Co-ops are built by – and for – the people they serve. We are a different kind of business. We are a co-operative that is owned by our members who live in the communities we do business and a co-operative that is committed to investing in those communities to make them better places for everyone. Red River Co-op profits are returned to members and therefore reinvested in our communities, not in the pockets of far-way shareholders.
- In 2021 we gave $308,436 to more than 70 non-profits and charities doing important work in our communities and were also recognized as Manitoba’s Top Employers in 2022. We work hard to give back to our community partners and provide opportunities for our employees to give back.
- Red River Co-op has a longstanding history of supporting local growers and producers. To us, local is more than supporting Canadian and western Canadian businesses. We see local as offering product made right here in Manitoba. In 2021, we had more than $12 million in sales of over 600 Manitoba grown and made products in our food stores.
- We have partnered with inclusive employment agencies such as Ready, Willing and Able, an organization that supports job applicants with intellectual disabilities or autism spectrum disorder, and the NEEDS Centre, which supports newcomer youth to Canada.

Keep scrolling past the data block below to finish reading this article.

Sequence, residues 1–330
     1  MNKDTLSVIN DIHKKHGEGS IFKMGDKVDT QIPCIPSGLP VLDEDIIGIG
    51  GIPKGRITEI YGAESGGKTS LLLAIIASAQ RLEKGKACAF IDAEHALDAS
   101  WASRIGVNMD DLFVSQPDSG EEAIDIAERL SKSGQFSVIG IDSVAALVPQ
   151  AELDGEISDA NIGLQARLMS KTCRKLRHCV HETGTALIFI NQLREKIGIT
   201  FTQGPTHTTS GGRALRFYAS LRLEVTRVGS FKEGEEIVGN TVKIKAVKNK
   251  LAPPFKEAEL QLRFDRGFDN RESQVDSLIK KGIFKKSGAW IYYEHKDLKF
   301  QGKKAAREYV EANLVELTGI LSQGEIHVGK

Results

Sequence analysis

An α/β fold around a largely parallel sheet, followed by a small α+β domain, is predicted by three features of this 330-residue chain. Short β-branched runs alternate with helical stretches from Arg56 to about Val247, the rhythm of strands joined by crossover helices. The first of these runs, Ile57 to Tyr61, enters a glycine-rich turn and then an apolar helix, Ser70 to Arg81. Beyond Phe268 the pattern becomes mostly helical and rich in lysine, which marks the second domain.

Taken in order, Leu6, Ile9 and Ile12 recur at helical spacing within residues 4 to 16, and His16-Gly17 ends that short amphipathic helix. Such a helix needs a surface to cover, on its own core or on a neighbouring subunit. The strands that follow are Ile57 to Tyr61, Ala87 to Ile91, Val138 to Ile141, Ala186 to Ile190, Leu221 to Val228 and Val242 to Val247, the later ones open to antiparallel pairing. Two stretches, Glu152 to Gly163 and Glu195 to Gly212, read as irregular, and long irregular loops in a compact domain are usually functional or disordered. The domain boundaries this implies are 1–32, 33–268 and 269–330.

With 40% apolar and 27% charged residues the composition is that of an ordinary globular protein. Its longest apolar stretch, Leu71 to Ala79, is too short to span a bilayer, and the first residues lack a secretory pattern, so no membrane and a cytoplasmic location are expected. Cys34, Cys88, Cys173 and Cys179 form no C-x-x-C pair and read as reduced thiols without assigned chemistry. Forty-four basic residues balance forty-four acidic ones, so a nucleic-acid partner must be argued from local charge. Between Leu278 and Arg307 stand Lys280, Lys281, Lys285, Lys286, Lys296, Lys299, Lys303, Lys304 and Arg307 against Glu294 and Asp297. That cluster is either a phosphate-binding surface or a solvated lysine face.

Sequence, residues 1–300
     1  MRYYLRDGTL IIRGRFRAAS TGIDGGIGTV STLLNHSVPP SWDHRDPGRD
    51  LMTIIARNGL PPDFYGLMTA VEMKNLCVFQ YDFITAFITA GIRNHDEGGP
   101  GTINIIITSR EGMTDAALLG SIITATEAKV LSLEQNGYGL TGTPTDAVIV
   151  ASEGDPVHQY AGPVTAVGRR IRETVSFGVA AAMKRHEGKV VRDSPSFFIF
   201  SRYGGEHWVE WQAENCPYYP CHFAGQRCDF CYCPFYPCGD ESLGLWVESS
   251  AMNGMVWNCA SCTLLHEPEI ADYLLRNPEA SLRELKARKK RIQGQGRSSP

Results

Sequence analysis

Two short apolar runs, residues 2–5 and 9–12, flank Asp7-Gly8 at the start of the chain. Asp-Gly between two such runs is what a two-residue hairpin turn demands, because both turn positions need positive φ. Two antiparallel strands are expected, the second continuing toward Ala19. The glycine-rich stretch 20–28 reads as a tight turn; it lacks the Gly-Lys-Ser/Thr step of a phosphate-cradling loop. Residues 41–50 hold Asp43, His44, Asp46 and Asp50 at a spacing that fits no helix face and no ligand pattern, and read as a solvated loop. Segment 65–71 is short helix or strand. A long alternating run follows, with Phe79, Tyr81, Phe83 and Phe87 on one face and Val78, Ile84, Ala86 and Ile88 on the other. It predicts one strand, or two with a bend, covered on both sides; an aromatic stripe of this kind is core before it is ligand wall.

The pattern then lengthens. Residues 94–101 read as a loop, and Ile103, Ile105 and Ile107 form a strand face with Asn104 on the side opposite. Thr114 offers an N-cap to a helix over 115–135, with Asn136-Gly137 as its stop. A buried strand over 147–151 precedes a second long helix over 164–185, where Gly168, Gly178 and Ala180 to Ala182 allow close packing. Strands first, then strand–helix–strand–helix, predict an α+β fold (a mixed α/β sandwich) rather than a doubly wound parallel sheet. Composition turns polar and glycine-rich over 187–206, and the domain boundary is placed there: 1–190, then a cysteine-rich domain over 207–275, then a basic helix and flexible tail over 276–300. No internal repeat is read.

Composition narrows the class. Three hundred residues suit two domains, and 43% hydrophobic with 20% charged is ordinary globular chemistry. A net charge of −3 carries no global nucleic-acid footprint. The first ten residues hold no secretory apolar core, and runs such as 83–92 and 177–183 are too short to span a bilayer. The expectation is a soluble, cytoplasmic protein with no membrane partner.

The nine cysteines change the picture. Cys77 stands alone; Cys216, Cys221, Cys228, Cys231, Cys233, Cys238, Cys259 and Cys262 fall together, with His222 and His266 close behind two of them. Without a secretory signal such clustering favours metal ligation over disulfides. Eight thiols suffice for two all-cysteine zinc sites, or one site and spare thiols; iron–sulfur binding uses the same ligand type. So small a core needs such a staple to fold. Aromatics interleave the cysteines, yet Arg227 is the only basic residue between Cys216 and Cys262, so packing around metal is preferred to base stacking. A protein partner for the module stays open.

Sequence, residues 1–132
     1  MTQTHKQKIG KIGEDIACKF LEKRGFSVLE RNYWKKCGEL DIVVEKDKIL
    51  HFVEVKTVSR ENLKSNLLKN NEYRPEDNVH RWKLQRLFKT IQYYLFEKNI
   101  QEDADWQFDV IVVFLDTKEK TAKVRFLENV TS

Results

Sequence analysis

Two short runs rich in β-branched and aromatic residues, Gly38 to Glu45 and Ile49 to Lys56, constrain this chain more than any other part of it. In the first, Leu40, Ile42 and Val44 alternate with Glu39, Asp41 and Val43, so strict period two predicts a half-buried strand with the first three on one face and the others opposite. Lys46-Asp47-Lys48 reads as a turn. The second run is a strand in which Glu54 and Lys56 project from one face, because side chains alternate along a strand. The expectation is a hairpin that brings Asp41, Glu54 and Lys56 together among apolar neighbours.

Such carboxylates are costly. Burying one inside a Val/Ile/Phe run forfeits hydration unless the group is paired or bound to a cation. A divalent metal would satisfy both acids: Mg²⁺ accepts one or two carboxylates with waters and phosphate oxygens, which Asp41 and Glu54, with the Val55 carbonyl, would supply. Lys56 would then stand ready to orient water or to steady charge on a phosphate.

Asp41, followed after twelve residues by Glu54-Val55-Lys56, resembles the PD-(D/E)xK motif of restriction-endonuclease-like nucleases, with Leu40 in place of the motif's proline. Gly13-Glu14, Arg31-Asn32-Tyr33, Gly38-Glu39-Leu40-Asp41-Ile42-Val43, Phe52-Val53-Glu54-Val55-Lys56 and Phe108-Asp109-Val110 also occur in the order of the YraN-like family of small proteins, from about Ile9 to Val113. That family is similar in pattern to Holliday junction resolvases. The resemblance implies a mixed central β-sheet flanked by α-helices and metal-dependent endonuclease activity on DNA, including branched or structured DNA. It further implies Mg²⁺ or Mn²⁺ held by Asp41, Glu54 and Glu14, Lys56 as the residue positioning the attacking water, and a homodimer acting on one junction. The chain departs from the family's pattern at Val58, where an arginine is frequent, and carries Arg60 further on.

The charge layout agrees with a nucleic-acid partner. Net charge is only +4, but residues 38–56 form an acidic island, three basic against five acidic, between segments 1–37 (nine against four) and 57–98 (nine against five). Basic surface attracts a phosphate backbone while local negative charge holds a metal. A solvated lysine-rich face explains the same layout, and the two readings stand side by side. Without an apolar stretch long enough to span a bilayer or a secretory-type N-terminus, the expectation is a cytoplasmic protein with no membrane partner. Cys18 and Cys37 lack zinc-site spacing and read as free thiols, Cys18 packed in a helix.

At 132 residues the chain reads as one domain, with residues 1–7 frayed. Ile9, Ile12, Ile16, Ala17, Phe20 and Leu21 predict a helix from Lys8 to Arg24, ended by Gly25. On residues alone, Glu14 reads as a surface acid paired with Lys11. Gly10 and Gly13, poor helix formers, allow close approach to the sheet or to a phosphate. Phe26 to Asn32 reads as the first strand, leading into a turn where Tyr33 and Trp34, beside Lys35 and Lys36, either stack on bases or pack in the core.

- We work hard to make our food stores inclusive places to work. In 2021, we developed buttons (“Hello, I speak _______”) for 22 different languages to allow our employees to indicate when they are fluent in a language other than English. This allows them to showcase their linguistic talents, take pride in their heritage, and provide enhanced service to our members and customers.
When asked about one of the most valuable lessons Chantal has learned from her role at Red River Co-op, her answer was one that many could take something from:
“That as a co-operative, the future of our success relies on the health and well-being of our communities – including our environment. We must continue to evolve and grow as a co-operative and make our communities a better place to live, work and play. ”
Green Action Centre is proud to see our partnership with Red River Co-op to reduce plastic waste in their stores in its fourth year.
“We look forward to continuing our work with Green Action Centre to further be better stewards of the environment and bring our customers and members along for the journey through educational opportunities.”
Thank you to Chantal and Red River Co-op for doing their part as an Eco Champion by doing great work to benefit our community and planet.
We don’t need a handful of people doing zero waste perfectly. We need millions of people doing it imperfectly.”
(Anne Marie Bonneau, The Zero Waste Chef)
For more information on plastic waste, see our sources:
Bonneau, Anne Marie, The Zero Waste Chef
The City of Westminster, Plastic Waste Guide: https://cleanstreets.westminster.gov.uk/plastic-waste-complete-guide/#2
Lacoste, Chantal, Community Partnership & Event Coordinator, Red River Co-operative. The virtual interview took place on October 14, 2022